Composers in games are always the bloody bridesmaids. While Kojima, Clifford Bleszinski the Third and Shigeru Miyamoto lap up all the credits, complimentary hookers and free mini muffin baskets, the men and women behind their games' epic music go unnoticed.
Steven Spielberg famously said that composer John Williams' score in Jaws was responsible for 50% of the movie's success. And when you consider the iconic tunes from Super Mario Bros. or Shadow of the Colossus' sweeping score, it's hard to underestimate the impact a well composed soundtrack can have on a title. That's why we're giving some of gaming's finest composers the long overdue recognition they deserve.
We recently took issue with the claim that “gaming has not yet had its Citizen Kane”. As you can see, we managed to find 25 games that qualified for that title – and you had plenty more suggestions besides.
We’d have had no trouble whipping up a counter-list of dismal flops.
If allowed to run rampant, ambition can occasionally be a bad thing. If not handled responsibly it can turn even the most laudable idea into a bloated, unfocused, or just plain misguided folly. Want proof? Cinema has Waterworld and Dune. Gaming? Well gaming has these...
December may offer the true
climax of the holiday season, but in terms of new game releases, it's very much
the calm after the storm. Most of the giant blockbusters of the season made
their way out between September and November, but the final month of 2011 isn't
barren by any means: big releases like Mario Kart 7 and Star Wars: The Old
Republic lead the pack, while system-specific versions of some notable recent
titles also find their way to store shelves. But if you read this over and
don't see anything on the horizon that works you into a tizzy, surely November's overstuffed
lineup holds a few leftover options to consider...
So what would happen if amoral Balkan sociopath Niko Bellic was in everyone's favourite cute and cuddly cartoon racer? Would Mario and chums accept him into the line-up with grace and humility? Would Niko keep the lid on all his murderous rage when Yoshi was firing red shells up his tailpipe? Of course, not. This is what would happen if the worlds of Liberty City and the Mushroom Kingdom clashed...
And that got us thinking. What
Who doesn't love zombies? Well, apart from Jill Valentine, communists and possibly the Wolfman. It's also a well known science type fact that the living dead automatically make any game they appear in amazing. And who are we to dispute scienticians? That's why we've taken some games we'd love to see stuffed full of the undead and, thanks to Photoshop, made our zombie dreams so.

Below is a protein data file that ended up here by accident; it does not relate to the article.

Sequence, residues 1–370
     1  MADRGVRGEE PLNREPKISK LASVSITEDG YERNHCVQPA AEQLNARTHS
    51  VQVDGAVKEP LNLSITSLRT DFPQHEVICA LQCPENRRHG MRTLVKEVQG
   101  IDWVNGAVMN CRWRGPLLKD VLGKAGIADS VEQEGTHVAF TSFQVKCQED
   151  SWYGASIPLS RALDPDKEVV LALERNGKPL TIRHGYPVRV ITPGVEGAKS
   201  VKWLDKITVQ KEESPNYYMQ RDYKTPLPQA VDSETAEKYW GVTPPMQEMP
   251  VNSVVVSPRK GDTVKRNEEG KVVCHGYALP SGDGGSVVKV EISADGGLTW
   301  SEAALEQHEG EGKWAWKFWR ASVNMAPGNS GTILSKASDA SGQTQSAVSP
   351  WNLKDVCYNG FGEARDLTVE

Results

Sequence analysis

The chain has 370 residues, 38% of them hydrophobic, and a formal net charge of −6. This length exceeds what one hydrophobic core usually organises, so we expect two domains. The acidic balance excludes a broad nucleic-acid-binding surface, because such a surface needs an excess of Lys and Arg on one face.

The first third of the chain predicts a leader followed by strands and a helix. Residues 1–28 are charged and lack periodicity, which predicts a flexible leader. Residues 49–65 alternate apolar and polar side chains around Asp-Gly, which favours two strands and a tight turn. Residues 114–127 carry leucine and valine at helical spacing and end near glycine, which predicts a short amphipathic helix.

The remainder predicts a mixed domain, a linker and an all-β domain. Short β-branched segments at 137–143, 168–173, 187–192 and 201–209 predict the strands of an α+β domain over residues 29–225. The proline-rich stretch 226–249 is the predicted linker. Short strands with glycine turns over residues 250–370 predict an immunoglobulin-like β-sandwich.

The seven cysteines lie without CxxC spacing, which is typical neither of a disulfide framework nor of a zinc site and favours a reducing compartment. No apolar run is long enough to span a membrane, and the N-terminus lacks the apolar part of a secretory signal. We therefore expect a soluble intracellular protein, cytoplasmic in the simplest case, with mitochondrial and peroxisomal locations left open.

We absolutely know that you've been waiting with eager anticipation for a feature to come along that catalogues examples of new games that share an identical name with an old game. It doesn't happen very often, so it's genuinely exciting when it does. Anyway, we've written that feature, and this is it. Direct all messages of thanks and amazement to the comments thread. K? Cheers.
Afrika | PS3 | 2009
The new Afrika: Is
In the context of a game, Achievements and Trophies are harmless. They're just carrot-dangling tactics that we're happy to indulge for our greedy pursuit of intangible virtual rewards. We wouldn't think twice about nail-bombing a kitten orphanage if it meant five more gamer points.
But, let's say, purely for the purposes of this here article, that we take Achievements and Trophies out of their virtual world settings and reconsider them
Ahoy! We have here the heroes, villains and various NPCs you’ll meet along your journey in Afro Samurai - the tale of revenge, hope and hip hop. Fueled by rage and powered by music from the RZA, Afro’s on a quest to cut down the man who murdered his father. And if he can become a God along the way, well, more power to him. Venture forth!
There's no denying, Afro Samurai is an incredibly stylish game. With swathes of enemies, a stat for 'gallons of blood spilled' and some painful-looking dismemberment, it's like Kill Bill Vol. 1, only with an Afro-sporting Samurai instead of Uma Thurman. And, as we mentioned in our review, the focus kills are definitely the star of the show.
But where's the fun in mere words telling you so? See for yourself!